Tuesday, February 1st, 2011

An international team of scientists has decoded the genome of a persistent household pest — the Argentine ant, an invasive species that is threatening native insects across the world.

The newly sequenced genomes of the Argentine ant (Linepithema humile) and the red harvester ant (Pogonomyrmex barbatus) could provide new insights on how embryos with the same genetic code develop into either queens or worker ants and may advance our understanding of invasion biology and pest control.

The scientists reported the results as part of a series of three decoded ant genomes, including the Argentine ant, the red harvester ant and the fire ant published in the Proceedings of the National Academy of Sciences.

In addition, the genome of the leaf cutter ant is scheduled for publication in the Feb. 24 issue of the Public Library of Science Genetics.

“We now know that ants have the genes and genome signature of DNA methylation — the same molecular mechanism that published honeybee studies have shown is responsible for switching whether the genome is read to be a worker or queen,” said Christopher D. Smith, assistant professor of biology at San Francisco State University, an author on three of the four genome studies.

Similar to bees, ants have sophisticated social structures. Queen ants typically have larger bodies, wings and fertile ovaries, and are responsible for reproduction in the colony. Worker ants are smaller, wingless and infertile, and are tasked with foraging for food and caring for the queen’s offspring.

Analysis of these new ant genomes suggests that chemical modification of certain sections of DNA could be responsible for the differential development of queens and workers.

As an ant larva develops, DNA methylation, which involves methyl chemical groups attaching onto the DNA, may switch off the genes that control reproductive capacity and wing growth.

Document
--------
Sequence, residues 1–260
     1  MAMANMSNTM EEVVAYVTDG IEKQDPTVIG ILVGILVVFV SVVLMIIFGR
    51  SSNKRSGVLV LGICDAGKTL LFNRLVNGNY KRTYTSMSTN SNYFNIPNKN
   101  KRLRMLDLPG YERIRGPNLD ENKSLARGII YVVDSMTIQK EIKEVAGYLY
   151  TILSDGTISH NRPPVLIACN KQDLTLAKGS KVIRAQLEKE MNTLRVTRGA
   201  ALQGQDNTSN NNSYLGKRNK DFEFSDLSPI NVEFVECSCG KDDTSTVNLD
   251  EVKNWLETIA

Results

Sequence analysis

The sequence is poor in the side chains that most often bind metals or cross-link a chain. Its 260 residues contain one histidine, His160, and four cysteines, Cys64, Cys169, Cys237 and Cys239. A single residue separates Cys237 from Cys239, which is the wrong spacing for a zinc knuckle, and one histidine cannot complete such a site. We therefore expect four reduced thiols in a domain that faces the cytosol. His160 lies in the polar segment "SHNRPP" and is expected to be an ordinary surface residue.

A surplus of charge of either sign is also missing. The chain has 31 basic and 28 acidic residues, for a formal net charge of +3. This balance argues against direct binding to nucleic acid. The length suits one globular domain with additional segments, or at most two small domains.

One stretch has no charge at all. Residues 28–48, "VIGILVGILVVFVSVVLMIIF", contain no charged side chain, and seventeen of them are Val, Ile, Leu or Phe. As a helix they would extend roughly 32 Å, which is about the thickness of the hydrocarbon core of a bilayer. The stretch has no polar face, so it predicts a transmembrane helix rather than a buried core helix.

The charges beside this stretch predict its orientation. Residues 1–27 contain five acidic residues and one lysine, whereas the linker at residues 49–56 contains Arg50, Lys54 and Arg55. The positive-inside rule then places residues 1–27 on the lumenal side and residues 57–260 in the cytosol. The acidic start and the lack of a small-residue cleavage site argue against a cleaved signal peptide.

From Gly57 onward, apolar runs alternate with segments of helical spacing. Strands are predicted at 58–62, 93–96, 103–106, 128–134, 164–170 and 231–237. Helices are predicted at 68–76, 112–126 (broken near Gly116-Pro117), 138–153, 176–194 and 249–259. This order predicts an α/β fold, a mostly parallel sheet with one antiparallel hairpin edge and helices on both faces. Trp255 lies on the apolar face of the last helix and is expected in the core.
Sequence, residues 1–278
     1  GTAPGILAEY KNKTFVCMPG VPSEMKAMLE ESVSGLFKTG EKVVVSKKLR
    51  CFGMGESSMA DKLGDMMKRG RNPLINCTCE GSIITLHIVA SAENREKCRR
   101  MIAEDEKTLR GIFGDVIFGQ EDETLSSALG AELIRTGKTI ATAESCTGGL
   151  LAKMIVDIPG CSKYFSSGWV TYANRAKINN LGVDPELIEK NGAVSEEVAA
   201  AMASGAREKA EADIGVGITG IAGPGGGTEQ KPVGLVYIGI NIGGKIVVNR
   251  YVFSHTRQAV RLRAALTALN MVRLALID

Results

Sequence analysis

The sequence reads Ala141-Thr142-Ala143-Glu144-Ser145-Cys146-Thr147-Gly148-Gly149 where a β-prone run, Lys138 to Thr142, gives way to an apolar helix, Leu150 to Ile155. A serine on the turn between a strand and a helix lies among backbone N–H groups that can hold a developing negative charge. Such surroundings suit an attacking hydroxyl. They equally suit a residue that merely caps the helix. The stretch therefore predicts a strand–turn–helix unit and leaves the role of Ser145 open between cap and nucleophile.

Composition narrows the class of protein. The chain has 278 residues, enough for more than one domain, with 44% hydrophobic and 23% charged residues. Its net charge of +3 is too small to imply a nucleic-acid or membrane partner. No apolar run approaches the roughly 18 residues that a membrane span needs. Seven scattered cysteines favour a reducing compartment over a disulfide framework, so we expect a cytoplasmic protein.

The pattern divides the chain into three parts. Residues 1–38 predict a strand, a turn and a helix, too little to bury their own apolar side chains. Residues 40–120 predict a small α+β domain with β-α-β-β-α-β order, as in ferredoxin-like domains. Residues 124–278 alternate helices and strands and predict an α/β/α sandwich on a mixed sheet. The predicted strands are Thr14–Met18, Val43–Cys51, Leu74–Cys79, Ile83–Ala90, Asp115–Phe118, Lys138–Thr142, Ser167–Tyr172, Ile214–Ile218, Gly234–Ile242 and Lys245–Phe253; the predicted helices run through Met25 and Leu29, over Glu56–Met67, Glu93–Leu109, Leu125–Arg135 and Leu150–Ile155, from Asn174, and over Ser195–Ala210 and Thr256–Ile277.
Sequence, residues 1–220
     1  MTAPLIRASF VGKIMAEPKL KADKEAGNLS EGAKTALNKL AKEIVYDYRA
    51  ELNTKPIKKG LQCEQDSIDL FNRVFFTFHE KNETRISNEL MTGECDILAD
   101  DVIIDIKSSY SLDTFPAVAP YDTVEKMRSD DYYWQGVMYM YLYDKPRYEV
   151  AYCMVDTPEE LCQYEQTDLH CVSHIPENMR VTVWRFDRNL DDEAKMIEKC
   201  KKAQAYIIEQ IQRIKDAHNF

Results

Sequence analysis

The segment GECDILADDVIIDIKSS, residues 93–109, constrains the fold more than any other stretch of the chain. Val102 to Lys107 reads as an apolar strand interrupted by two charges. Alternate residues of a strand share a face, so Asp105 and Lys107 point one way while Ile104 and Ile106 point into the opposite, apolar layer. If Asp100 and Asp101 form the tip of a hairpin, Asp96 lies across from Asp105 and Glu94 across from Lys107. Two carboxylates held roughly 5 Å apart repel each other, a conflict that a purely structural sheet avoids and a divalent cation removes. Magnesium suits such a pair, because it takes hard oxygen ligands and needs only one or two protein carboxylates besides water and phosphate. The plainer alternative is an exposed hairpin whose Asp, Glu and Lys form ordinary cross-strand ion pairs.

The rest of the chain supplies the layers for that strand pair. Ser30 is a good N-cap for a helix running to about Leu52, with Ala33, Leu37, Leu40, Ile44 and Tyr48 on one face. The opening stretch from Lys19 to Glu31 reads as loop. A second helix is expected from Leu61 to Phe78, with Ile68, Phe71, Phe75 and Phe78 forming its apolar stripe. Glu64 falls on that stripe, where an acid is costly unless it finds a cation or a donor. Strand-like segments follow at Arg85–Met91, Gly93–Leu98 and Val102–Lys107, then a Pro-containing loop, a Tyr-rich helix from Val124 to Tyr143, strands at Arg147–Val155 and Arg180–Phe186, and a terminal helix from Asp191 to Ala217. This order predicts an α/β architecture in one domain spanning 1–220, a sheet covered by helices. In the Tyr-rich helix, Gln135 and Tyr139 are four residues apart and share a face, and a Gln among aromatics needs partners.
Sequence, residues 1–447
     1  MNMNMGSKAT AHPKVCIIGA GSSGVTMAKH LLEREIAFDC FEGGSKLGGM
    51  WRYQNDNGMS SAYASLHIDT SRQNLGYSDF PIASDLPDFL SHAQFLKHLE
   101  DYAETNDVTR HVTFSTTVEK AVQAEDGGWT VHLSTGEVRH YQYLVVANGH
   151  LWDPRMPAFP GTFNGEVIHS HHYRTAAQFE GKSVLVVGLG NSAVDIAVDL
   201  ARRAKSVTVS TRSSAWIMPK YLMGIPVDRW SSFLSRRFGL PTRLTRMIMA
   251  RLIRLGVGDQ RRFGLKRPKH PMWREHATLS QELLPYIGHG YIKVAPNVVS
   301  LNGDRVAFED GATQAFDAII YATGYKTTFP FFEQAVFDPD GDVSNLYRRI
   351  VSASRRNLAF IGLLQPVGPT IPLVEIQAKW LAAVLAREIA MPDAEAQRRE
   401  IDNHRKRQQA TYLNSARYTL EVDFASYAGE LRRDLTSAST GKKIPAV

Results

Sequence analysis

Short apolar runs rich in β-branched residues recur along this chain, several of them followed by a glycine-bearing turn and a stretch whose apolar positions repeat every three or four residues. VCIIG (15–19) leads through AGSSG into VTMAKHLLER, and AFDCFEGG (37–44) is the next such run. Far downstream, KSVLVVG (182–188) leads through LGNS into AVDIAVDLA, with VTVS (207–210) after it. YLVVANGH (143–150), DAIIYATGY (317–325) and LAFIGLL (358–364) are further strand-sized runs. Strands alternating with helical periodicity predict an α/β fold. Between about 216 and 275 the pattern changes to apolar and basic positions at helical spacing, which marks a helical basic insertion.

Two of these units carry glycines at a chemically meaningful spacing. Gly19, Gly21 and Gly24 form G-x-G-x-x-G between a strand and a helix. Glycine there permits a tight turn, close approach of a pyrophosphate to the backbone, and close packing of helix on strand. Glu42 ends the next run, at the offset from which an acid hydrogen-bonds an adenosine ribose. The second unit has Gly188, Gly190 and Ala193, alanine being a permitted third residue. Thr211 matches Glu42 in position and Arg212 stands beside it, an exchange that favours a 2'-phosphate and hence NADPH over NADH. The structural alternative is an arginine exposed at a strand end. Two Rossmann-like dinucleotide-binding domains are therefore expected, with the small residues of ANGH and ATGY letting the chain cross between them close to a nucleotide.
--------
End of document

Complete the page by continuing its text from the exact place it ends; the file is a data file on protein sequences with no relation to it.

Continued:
“Our analysis suggests that ants may utilize the same genetic system as honeybees to create their social structures, although we have yet to understand whether the process works in exactly the same way across species,” Smith said.

Smith co-led the Argentine ant research with Neil Tsutsui of University of California, Berkeley; was a lead author on the red harvester ant genome along with Chris R. Smith of Earlham College and J|rgen Gadau of Arizona State University; and was a co-author on the leaf-cutter ant genome.

The mapping of the Argentine ant genome may enable the development of novel pest control solutions.

A better understanding of how larvae develop into queens or workers could support the development of new control methods that use more benign chemicals to limit the number of queens born in a colony, effectively sterilizing the population. (ANI)

Read More:

North Carolina Ant Control Company ~ Bug Busters USA

Find bedbugs with new iPhone app

Wednesday, December 8th, 2010

Track bed bugs with new iPhone app

The new Bed Bug Alert app for the Apple iPhone enables users to input data about bedbug incidents and see where others have reported sightings anywhere in the nation.

The $1.99 app was developed by Adam Kotkin, CEO of Apps Genius, who lives in the bed bug capital, New York.

“About once a week I rip off my sheets and start looking closely. I haven’t been to a movie in six months. I hate public places right now,” Kotkin said.

Atlanta doesn’t make the top 10 list of cities with the most reported bedbug sightings. (Following New York are Philadelphia, Detroit, Cincinnati and Chicago.) But there are 25 hotels in metro Atlanta marked by red pinpoints on the the app, which uses Google maps for users to zoom in on locations.

The Georgia Department of Community Health doesn’t track bedbug infestations in the state because they’re too common, a spokeswoman said last week. Local health departments are likely to keep closer track; for example, the Fulton County Department of Public Health has logged nine complaints about bedbugs in the county in 2010. Kevin Jones, acting director of environmental health services, said five complaints came from “tourist accommodations” (hotels and motels) and two each from homeless shelters and apartment complexes.

Kotkin said he and his crew gather information about bed bugs from more than a hundred sources. A staff of 11 at Apps Genius works seven days a week to pull and verify data from public health records and press releases.

The “Report Bed Bugs” tab on the app is built in for users to report their findings while traveling and the staff sorts through thousands of them daily.

But, as with any user-generated content, verification is nebulous. And even if a site has corrected the problem, the location will still pop up on the alert with a notation of how long ago the bed bug issue was reported.

The next version of the software will color-code the locations to note how long they’ve been on the site.

And in the event of false postings, “We have a mechanism that someone at the location can use to contact us and we’ll take it off,” Kotkin said.

The Bed Bug Alert isn’t the first database of reported findings. Various Facebook pages and longstanding websites such as and also include lists of sightings searchable by city or hotel.